Skin Penetration Study Protocol: this test method has been designed to provide information on absorption of a test substance applied to the surface of a skin sample separating the two chambers (a donor chamber and a receptor chamber) of a diffusion cell. In vivo viable human skin has been used. The skin has been shown to have the capability to metabolize some chemicals during percutaneous absorption. In this case, metabolites of the test chemical in the epidermis and under epidermis may be analyzed by appropriate methods. A quantity of 3000 µg of Nicomenthyl (in Caprylic Capric Triglyceride) is used as test substance and applied to the test system (HRE). This application should mimic a human exposure of 6000 µg/cm2. The temperature must be constant because it affects the passive diffusion of chemicals. The absorption of a test substance during a given time period (24h) is measured by HPLC analysis of the receptor fluid and the distribution of the test substance and its main metabolite (Niacin) in the test system and their absorption profiles with time are presented in appropriate graphic formats at 15 min, 30 min, 1h, 2h, 4h, 8h, 24 h after application.
A quantity of 3000 μg of Nicomenthyl was applied to a sample of HRE (in vitro Human Reconstructed Epidermis). A very high rate of penetration through the stratum corneum was observed, reaching an amount of 53.8% of the applied dose in only 30 minutes. The whole process of absorption and hydrolysis into its two components, Menthol and Niacin, gets practically completed in a period of 24 hours after application.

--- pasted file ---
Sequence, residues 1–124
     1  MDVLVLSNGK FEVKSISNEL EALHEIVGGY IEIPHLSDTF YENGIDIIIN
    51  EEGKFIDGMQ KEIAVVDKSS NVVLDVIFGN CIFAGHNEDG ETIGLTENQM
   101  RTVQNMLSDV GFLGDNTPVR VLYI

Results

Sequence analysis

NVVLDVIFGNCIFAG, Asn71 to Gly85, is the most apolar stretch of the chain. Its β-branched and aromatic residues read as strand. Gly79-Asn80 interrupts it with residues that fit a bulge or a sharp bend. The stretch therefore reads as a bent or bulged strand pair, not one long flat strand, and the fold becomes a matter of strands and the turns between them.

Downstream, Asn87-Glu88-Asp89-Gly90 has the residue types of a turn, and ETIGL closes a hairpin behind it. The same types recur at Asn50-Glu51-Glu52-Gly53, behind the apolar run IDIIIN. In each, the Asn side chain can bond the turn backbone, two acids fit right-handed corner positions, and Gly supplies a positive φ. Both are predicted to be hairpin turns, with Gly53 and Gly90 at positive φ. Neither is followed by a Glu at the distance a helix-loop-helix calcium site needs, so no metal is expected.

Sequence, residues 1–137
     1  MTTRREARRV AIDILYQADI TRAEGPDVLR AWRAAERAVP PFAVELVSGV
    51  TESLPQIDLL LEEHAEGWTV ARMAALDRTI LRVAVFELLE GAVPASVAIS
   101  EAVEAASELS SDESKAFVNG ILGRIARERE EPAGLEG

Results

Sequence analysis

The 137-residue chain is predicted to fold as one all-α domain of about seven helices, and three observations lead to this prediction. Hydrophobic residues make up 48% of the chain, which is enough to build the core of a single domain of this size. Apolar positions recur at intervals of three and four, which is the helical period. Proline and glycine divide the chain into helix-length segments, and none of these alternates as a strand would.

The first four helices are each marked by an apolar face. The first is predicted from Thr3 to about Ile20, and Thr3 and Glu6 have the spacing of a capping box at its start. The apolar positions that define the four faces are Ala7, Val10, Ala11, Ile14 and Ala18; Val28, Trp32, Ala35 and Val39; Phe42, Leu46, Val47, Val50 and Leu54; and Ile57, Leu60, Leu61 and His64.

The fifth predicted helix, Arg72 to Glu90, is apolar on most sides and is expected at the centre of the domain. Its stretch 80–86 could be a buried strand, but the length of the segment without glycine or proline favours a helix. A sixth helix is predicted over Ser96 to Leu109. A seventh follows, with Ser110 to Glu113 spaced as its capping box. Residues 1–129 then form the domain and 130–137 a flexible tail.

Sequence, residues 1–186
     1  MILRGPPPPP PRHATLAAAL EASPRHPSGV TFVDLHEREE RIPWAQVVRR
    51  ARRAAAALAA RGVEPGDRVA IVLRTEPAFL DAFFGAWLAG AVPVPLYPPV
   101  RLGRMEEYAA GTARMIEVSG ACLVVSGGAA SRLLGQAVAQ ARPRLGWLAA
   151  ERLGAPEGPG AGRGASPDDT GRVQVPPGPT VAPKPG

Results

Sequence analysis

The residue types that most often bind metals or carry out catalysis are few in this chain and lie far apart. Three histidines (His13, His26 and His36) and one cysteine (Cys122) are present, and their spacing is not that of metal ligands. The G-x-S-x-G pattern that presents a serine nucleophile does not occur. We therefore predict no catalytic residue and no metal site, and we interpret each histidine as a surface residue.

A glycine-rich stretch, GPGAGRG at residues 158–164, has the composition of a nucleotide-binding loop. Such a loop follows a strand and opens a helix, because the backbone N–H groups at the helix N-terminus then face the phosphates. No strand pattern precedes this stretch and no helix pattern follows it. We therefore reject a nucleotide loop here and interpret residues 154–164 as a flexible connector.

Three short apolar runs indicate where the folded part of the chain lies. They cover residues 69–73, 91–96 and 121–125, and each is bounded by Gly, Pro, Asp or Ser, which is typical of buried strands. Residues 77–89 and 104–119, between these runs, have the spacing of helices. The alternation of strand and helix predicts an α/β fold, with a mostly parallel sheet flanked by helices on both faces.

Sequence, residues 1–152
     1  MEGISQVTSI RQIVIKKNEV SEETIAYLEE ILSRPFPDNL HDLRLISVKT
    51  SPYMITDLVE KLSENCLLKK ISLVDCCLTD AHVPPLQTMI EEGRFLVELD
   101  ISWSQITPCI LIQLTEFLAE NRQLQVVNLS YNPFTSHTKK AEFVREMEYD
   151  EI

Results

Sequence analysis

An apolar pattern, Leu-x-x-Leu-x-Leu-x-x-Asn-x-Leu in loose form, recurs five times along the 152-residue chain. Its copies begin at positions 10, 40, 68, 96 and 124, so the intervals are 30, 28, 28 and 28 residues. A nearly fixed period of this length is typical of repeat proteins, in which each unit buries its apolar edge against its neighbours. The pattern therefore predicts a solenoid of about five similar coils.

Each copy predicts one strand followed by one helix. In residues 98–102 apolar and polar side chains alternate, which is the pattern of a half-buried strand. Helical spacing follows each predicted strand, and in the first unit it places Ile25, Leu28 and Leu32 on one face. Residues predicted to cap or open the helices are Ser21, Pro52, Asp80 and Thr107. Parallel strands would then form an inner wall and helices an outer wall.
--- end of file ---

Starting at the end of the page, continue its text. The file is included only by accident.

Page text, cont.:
While Nicomenthyl penetrates through the skin barrier, it gets hydrolyzed into Menthol and Niacin (Vitamin B3). The Niacin so released gets immediately distributed both in the epidermis and under the epidermis.
HPLC analysis revealed a total amount of 254 μg of released Niacin having penetrated the skin barrier (from the initial 1413 μg contained in the 3000 μg applied dose of Nicomenthyl), i.e. a Niacin absorption rate of approx. 18% of the applied dose in 24 hours (= 0.75% per hour). These results are very significant, especially if compared to the absorption rate of the commonly used Niacinamide (another form of Vit. B3), which is only 11% of the applied dose in 120 hours (0.09% per hour); or to the absorption rate of pure Niacin itself, which is less than 1% of the applied dose in 120 hours (less than 0.008% per hour).*
*Cfr.: ABSORPTION OF SOME ORGANIC COMPOUNDS THROUGH THE SKIN IN MAN - Robert J. Feldmann, Howard J. Maibach.
The Journal of Investigative Dermatology – © 1970 The Williams & Wilkins Co.